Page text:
TBFBYE, as in…

To Be Finished Before Year End, another (but normally smaller) sort of TBR pile.

The top priority for me is Chekhov’s Sakhalin Island, a great review copy offered to me by OneWorld Classics, a small independent publishing house with a precious collection of foreign titles, mostly forgotten classics.

Sakhalin Island is no fiction or theatre, it’s the account of Chekhov’s journey across Siberia and to Sakhalin in the 1890s, when he decided to investigate the penal colony and the inhumane living conditions of exiles to this forsaken place far from European Russia (actually north of Japan). Why he decides to do so (he was not particularly healthy nor adventurous so I understand) remains foggy to me for the moment. I’ve read the Siberian part during summer, but there are many fine descriptions I’d like to mention here, so I’ll post step by step along with my reading.

Just let me tell you first how I got this fine book. Back in May, a very friendly person from One World Classics introduced herself to me and offered to send me any book I liked in the catalogue. And the choice was difficult to make, because their catalogue is indeed full of interesting gems! They have Dante, and a good selection of Russian titles, French and German novels that aren’t the ones you’d expect, and they recently added Jane Austen and Dickens, as well as American classics. You may think I’m biased because they have offered me a review copy, but their books are very nice objects and pleasant to read, especially considering that there are plenty of notes.

As I know next to nothing about Sakhalin and the penal system at the end of 19C in Russia (hardly a surprise…), I like to (and need to) go back and forth in my reading to the notes section. Contrary to many non-fiction books I’ve read, these notes do have a personal tone set by the translator and editor of the book, Brian Reeve, so they’re not dry and heavy and he manages to give a pleasant perspective on Chekhov’s view on Sakhalin.

As for Sakhalin itself, it’s quite another story and pleasant isn’t the word for it. A strategic front position of Russian colonization in Asia, it could not be left empty and the military needed to stay put, but since the land was so bare and the conditions so harsh, nobody wanted to go there on their own will. The “great idea” was then to populate it by force, with convicts in hard labour colonies who would be reformed, get trained and become peasants afterwards. It seems from the start so idealistic! Upon finishing their sentence, the freed convicts were more or less still banished for life from European Russia, so they had no choice but to remain on the island or apply for transfer to the Siberian mainland, after still another number of years. 1890 Russia praised itself for its liberal reforms, but Chekhov apparently wanted to verify these claims.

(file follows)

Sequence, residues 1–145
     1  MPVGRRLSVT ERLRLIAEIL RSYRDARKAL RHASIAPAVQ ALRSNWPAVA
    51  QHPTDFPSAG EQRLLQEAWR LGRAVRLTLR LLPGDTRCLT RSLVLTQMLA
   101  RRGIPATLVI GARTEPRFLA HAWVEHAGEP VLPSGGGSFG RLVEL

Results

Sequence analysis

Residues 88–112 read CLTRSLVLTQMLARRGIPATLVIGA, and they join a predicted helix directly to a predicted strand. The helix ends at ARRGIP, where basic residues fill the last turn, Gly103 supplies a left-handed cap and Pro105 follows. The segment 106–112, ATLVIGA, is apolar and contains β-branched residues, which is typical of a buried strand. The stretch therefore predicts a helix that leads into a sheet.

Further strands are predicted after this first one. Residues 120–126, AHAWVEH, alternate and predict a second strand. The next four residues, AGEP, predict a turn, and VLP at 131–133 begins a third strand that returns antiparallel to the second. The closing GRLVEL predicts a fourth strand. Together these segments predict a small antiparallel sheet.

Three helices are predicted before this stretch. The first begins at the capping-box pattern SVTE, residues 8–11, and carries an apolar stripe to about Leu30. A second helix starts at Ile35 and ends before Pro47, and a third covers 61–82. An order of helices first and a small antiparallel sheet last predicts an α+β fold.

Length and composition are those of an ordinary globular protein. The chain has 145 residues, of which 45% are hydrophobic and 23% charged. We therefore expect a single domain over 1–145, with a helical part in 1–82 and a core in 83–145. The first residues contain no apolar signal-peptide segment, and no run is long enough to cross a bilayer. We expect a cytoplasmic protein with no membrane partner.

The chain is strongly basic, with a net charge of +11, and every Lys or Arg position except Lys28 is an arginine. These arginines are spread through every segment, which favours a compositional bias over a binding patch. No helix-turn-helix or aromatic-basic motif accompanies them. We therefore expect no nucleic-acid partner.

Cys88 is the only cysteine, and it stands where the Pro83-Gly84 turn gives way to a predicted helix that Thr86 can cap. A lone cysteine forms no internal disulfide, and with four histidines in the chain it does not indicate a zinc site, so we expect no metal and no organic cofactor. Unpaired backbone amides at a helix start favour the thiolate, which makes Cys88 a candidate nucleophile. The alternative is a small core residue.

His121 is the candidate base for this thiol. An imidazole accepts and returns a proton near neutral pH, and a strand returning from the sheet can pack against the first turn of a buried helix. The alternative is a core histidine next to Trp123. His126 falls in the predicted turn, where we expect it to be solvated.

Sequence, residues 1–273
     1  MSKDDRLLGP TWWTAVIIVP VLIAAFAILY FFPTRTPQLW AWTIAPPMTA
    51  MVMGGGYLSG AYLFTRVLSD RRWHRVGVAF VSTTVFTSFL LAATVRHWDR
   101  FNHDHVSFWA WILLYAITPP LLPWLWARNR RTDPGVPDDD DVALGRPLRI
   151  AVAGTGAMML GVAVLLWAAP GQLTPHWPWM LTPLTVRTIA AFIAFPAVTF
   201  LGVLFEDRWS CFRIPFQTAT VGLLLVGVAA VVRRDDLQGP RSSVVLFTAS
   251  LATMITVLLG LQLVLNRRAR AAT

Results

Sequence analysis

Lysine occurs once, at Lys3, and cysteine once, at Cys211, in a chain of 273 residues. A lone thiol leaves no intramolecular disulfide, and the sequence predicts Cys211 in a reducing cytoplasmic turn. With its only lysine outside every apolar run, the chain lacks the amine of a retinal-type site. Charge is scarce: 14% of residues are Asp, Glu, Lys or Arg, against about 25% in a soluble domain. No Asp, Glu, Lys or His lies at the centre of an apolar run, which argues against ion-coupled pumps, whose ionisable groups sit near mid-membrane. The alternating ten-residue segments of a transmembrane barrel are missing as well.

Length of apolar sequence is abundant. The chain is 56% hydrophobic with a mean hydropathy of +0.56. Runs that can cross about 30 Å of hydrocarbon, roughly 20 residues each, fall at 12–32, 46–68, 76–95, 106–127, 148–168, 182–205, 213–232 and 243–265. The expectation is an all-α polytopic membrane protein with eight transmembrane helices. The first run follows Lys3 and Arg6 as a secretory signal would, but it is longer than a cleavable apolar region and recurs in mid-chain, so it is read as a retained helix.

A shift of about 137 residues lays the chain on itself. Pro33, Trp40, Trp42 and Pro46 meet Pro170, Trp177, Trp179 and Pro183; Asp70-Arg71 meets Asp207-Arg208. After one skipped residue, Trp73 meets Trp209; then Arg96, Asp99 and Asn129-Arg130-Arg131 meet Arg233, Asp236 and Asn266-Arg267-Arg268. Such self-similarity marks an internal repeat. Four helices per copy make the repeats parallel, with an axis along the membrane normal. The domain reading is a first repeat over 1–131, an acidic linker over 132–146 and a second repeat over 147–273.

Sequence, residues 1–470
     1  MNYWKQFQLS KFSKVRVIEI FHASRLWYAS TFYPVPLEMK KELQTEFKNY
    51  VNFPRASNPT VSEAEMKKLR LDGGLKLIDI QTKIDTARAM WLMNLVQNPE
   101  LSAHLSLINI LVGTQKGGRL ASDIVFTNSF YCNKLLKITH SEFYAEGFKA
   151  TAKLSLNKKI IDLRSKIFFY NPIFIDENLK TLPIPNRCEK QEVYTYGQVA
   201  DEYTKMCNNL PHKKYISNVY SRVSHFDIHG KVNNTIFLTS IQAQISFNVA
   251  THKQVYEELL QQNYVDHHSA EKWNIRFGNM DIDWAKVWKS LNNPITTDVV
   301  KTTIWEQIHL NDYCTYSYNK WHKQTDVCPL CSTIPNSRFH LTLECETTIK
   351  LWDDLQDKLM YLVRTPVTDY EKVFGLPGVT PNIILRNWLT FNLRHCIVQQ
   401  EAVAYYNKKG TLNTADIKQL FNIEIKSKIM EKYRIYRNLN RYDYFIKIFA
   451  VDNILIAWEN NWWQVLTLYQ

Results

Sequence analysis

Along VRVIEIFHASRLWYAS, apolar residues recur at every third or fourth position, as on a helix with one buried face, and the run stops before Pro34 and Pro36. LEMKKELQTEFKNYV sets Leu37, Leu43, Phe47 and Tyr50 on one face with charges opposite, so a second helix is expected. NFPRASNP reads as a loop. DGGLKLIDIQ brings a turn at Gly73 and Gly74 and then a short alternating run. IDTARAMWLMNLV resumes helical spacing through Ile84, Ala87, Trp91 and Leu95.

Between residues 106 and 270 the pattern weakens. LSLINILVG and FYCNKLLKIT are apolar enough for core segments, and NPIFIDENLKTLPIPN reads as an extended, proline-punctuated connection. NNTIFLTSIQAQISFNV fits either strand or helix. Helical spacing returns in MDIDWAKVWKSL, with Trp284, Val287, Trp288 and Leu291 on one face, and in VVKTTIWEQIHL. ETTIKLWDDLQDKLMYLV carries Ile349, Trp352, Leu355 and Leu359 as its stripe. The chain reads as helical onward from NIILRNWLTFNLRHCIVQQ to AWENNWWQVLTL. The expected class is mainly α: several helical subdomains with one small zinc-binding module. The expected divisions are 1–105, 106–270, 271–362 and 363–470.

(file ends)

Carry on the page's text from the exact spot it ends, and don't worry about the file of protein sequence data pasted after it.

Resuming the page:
Here are the first impressions of Chekhov as he arrives by boat to the island (during summer). He’s “melancholy” and “anxious”, because he has no official job to inspect the region, and while this isn’t expressly forbidden, officials are reticent to see him roam through this special place in complete freedom.

When we dropped anchor at 9 o’clock, on shore large fires were blazing in five spots in the Sakhalin taiga. Through the darkness and smoke spreading over the sea, I could not see the landing stage and buildings and could make out only the dim lights of the post, two of which were red. This fearful picture, crudely cut out of the darkness, silhouettes of mountains, smoke, flames and sparks from the fires, presented a fantastical appearance. On the left side of the picture were burning monstrous bonfires, above them mountains, and from behind the mountains a crimson glow rising high into the sky from distant conflagrations; it looked as if the whole of Sakhalin were ablaze. To the right, the dark, heavy mass of Cape Jonquière juts into the sea, similar in appearance to the Crimean Ayu-Dag; on its summit a beacon was shining brightly, while below, in the water, between us and the shore, lay three sharp-pointed reefs – the “Three Brothers”. And everything was covered in smoke, as if we were in hell.

Mmh, perhaps not your dream destination for the next holidays?


2 thoughts on “TBFBYE, as in…

  1. It’s funny, just an hour or so ago, while eating my lunch, i was reading a Checkhov story set in just this place, the name of which escapes me –It was very good, very sad, very effective. I’d love to read this book; it sounds quite interesting.

  2. This book sounds really interesting; I’ve loved the Chekhov I’ve read so far and would love to read more. And no, I would not want to vacation in that place!

    I like Oneworld Classics too; I read a book by Hugo from them this past year and enjoyed it a lot.

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